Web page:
The first night of the siege was relatively quiet. Each night the batteries inched closer to the Alamo walls. At first, the Texians matched Mexican artillery fire, often reusing the Mexican cannonballs. Two notable events occurred on Wednesday, February At some point that day, Bowie collapsed from illness, [58] leaving Travis in sole command of the garrison. Edmondson, one Texian was killed. By March 1, the number of Mexican casualties was nine dead and four wounded, while the Texian garrison had lost only one man.

Santa Anna posted one company east of the Alamo, on the road to Gonzales. According to historian Mary Deborah Petite, the letter is "considered by many as one of the masterpieces of American patriotism. As news of the siege spread throughout Texas, potential reinforcements gathered in Gonzales. They hoped to rendezvous with Colonel James Fannin , who was expected to arrive from Goliad with his garrison. This group traveled less than 1. Texians gathered in Gonzales were unaware of Fannin's return to Goliad, and most continued to wait. Impatient with the delay, on February 27 Travis ordered Samuel G. Bastian to go to Gonzales "to hurry up reinforcements". A Mexican patrol attacked, driving off four of the men including Bastian. One man was wounded, and his English curses convinced the occupiers to open the gates.

Johnson at the Battle of San Patricio on February The arrival of the Mexican reinforcements prompted Travis to send three men, including Davy Crockett , to find Fannin's force, which he still believed to be en route. The others had left Gonzales several days earlier. Mexican soldiers drove a second group across the prairie. On March 4, the day after his reinforcements arrived, Santa Anna proposed an assault on the Alamo. Many of his senior officers recommended that they wait for two pounder cannons anticipated to arrive on March 7. Legend holds that at some point on March 5, Travis gathered his men and explained that an attack was imminent, and that they were greatly outnumbered by the Mexican Army.

He supposedly drew a line in the ground and asked those willing to die for the Texian cause to cross and stand alongside him; only one man Moses Rose was said to have declined. Susannah Dickinson recalled Travis announcing that any men who wished to escape should let it be known and step out of ranks. The last Texian verified to have left the Alamo was James Allen, a courier who carried personal messages from Travis and several of the other men on March 5. At 10 p. As Santa Anna had anticipated, the exhausted Texians soon fell into the first uninterrupted sleep many of them had since the siege began. Santa Anna remained in camp with the reserves. At a. Cos and his men approached the northwest corner of the Alamo, [96] while Duque led his men from the northwest towards a repaired breach in the Alamo's north wall.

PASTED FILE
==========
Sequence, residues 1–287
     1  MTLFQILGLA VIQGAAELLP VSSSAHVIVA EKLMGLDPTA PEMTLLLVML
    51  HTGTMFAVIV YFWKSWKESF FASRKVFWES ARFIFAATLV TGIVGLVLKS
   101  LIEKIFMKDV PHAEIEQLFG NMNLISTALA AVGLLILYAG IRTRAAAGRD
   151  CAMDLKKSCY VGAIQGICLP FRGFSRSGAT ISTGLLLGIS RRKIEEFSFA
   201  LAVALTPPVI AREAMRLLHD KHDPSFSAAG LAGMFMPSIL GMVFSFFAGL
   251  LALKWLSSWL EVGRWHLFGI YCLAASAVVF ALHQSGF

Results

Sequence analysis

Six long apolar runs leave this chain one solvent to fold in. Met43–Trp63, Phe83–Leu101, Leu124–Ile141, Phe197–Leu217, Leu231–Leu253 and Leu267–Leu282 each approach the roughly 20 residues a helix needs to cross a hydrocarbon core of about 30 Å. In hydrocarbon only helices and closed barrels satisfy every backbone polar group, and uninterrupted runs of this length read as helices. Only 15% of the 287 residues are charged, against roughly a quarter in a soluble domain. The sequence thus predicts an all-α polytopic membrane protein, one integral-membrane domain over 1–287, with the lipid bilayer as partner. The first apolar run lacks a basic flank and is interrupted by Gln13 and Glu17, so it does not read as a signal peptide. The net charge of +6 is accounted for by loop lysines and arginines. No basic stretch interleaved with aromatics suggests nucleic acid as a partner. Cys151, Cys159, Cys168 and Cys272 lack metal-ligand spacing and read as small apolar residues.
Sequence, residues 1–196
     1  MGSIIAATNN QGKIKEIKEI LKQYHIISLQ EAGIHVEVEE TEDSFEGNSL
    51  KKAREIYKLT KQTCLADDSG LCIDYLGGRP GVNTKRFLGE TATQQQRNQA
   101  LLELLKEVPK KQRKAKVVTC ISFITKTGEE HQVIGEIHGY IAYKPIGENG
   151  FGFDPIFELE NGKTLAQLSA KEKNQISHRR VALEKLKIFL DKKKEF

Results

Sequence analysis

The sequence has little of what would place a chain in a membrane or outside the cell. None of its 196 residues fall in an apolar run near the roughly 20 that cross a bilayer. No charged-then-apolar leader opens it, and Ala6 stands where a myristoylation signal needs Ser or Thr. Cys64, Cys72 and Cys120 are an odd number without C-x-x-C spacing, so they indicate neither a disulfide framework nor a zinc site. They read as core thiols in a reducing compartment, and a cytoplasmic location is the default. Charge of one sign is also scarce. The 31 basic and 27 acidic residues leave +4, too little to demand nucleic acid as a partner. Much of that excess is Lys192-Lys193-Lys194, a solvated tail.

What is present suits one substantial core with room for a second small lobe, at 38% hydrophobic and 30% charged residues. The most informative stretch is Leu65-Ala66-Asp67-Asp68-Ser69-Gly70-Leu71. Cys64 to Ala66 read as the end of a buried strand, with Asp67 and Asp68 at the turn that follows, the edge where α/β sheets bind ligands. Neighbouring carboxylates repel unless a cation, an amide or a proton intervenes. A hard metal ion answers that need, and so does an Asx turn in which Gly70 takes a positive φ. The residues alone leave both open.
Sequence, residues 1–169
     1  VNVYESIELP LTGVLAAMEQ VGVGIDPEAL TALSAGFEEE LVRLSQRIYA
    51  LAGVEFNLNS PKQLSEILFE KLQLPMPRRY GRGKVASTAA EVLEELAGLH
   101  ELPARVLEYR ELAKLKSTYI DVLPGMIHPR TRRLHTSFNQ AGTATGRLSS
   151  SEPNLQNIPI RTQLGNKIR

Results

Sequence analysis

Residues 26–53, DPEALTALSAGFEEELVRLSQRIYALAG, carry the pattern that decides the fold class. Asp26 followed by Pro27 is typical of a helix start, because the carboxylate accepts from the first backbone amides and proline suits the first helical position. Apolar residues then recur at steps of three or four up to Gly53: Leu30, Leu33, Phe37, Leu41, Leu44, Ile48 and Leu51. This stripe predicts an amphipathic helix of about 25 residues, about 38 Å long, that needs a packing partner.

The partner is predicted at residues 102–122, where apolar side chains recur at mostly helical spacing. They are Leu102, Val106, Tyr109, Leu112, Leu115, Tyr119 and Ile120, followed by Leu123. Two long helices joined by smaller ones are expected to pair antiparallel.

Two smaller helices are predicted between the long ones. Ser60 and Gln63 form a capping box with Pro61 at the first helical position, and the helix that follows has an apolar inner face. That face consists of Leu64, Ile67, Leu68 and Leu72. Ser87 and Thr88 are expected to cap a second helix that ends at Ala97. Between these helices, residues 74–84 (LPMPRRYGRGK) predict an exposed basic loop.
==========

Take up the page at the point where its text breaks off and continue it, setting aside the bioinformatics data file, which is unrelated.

The three Texian sentinels stationed outside the walls were killed in their sleep, [] [] allowing Mexican soldiers to approach undetected within musket range of the walls. In the initial moments of the assault, Mexican troops were at a disadvantage. Their column formation allowed only the front rows of soldiers to fire safely. Although some in the front of the Mexican ranks wavered, soldiers in the rear pushed them on. Travis became one of the first occupiers to die, shot while firing his shotgun into the soldiers below him, though one source says that he drew his sword and stabbed a Mexican officer who had stormed the wall before succumbing to his injury.

As the Texians discharged their previously loaded rifles, they found it increasingly difficult to reload while attempting to keep Mexican soldiers from scaling the walls. Mexican soldiers withdrew and regrouped, but their second attack was repulsed. Fifteen minutes into the battle, they attacked a third time. Only one man, Moses Rose, left.

The next day Santa Anna's men invaded the fort, killing all of the remaining troops. Now a national monument, the Alamo is revered as a symbol of American freedom and bravery under fire. These qualities are memorialized in Travis' final letter appealing for help from neighboring Texans, in which he says, "I am determined to perish in the defense of this place, and may my bones reproach my country for her neglect. World View. What Was the Significance of the Battle of the Alamo? More From Reference.